Rocky Mountain Research

EAP, Work/Life & Wellness Consulting Services

Longitudinal Lens on The Evolution of EAP, Work-Life and Wellness Benefit Programs


Roland Zullo, Ph.D,          Patricia A. Herlihy, Ph.D, R.N,          Max Heirich, Ph.D



How have employee assistance (EAP), work-life and wellness programs changed in the businesses that were recognized as "family friendly" 15 years earlier? Harsh economic conditions have threatened discretionary benefits that positively affect talent recruitment, retention, employee productivity and corporate image over this very same time period (Smyth et al. 2009). Thus, the authors investigated these changes in the three progressive benefits programs in light of the economic and sociological changes that had occurred in the interim. EAP's provide counseling for substance abuse and other mental health issues; work-life encompasses programs that help employees balance the demands of family and work; while wellness programs aim at improving employees' overall physical health with the goal of decreasing health-care costs. The label "family-friendly" is used throughout the paper for benefits plans involving some mix of EAP, work-life and wellness offerings.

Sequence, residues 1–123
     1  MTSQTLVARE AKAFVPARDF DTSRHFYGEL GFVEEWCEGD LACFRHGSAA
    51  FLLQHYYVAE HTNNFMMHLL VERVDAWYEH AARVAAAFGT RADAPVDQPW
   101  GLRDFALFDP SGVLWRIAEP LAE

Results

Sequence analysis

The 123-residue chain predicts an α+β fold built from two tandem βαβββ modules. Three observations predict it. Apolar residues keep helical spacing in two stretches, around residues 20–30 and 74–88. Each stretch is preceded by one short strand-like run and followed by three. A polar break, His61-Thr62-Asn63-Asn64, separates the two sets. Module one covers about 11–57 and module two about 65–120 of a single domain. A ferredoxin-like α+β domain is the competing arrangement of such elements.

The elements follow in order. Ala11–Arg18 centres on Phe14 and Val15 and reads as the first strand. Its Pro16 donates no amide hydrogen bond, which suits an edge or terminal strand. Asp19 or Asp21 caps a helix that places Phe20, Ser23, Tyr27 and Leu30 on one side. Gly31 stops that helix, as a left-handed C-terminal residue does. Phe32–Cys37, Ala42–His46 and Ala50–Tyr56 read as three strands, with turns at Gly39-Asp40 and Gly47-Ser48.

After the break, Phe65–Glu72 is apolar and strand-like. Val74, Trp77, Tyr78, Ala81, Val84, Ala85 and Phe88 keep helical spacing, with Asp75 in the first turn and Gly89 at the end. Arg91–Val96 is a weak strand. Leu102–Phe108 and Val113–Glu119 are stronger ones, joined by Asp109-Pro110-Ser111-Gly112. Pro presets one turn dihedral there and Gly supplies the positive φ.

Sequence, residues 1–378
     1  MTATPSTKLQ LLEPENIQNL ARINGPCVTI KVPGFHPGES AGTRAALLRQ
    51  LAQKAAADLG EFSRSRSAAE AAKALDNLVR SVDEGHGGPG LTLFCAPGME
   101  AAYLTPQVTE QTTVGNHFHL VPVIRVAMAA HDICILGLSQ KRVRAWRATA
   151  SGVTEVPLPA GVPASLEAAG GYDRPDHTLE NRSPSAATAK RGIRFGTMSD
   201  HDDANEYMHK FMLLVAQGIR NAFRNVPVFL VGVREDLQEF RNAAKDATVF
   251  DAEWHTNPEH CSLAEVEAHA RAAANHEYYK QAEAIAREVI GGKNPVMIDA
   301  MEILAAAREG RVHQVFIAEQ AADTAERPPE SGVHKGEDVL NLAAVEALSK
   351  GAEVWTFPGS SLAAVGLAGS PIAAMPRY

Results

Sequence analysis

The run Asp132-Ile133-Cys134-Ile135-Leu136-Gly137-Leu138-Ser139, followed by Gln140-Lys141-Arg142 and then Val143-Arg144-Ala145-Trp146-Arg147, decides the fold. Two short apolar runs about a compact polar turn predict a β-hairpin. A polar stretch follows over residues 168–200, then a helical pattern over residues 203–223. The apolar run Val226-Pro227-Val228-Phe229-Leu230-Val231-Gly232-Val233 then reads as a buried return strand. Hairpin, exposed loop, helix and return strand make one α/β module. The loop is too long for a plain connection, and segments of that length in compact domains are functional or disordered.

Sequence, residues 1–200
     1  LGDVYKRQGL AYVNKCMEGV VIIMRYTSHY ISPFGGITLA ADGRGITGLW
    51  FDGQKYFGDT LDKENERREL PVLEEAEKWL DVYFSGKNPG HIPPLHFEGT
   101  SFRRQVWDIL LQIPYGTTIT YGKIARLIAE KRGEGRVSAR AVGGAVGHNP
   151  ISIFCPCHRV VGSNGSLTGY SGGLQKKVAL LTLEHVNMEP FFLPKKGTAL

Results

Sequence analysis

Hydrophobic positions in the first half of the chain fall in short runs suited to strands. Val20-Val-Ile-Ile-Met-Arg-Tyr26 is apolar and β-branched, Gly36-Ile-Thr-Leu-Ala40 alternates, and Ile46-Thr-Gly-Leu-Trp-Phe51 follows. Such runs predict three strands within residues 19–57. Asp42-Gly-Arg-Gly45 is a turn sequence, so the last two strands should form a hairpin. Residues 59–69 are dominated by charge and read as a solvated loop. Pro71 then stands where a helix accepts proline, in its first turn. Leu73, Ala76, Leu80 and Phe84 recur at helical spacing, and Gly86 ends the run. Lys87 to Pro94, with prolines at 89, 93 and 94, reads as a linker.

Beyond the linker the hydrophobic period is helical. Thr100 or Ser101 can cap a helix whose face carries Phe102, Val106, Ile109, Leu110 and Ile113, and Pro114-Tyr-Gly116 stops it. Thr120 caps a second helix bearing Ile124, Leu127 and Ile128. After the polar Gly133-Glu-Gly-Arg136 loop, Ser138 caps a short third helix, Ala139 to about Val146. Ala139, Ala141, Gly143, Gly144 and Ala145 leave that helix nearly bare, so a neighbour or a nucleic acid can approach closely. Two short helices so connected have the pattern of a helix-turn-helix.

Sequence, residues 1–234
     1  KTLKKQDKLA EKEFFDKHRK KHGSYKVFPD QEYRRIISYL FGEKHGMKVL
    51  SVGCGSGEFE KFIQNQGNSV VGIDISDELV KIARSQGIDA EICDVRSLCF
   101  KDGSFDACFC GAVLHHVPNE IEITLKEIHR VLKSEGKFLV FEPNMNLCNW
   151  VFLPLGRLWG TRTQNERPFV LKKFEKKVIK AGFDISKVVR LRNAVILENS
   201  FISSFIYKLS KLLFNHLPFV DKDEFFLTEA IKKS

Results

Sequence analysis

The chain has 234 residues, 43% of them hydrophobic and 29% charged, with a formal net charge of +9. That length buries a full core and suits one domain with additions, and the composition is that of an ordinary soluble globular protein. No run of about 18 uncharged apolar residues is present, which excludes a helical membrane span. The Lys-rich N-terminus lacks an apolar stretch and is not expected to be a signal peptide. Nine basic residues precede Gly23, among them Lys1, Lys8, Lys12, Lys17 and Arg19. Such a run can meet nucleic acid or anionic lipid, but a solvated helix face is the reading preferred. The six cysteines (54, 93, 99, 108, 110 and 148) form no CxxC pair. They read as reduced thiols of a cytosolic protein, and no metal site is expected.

Prior literature has sought to identify the motives for adopting family-friendly policies (Davs and Kalleberg, 2006); Bond et al. 2002; Glass and Fujimoto 1995). A logical extension to this scholarship is to ask how such programs, once adopted are shaped by factors both within and external to the organization. Changing conditions, especially fiscal stress, may lead to the adulteration or elimination of benefits (Kelly et al. 2008). Firms adopt family-friendly policies when attracting or retaining committed staff (Csiernik 2005); Davis and Kalleberg; Osterman 1995). Thus, it follows that these benefits may be reduced or terminated as firms downsize. A plausible, alternative scenario is that the non-economic factors supporting family-friendly benefits protect these programs when companies hit hard times.

The study's findings are based on ethnographic data collected via telephone interviews from 28 companies designated to compare recent practices and policies of EAP, work-life and wellness programs with the responses form a 1993 Boston University study that surveyed firms ranked most family-friendly by Working Mother magazine. The authors inquired about the status of the benefits, changes in the scope and structure of the benefits, internal and external factors influencing these changes, and an explanation of the strategic choices made by management in response to those factors.




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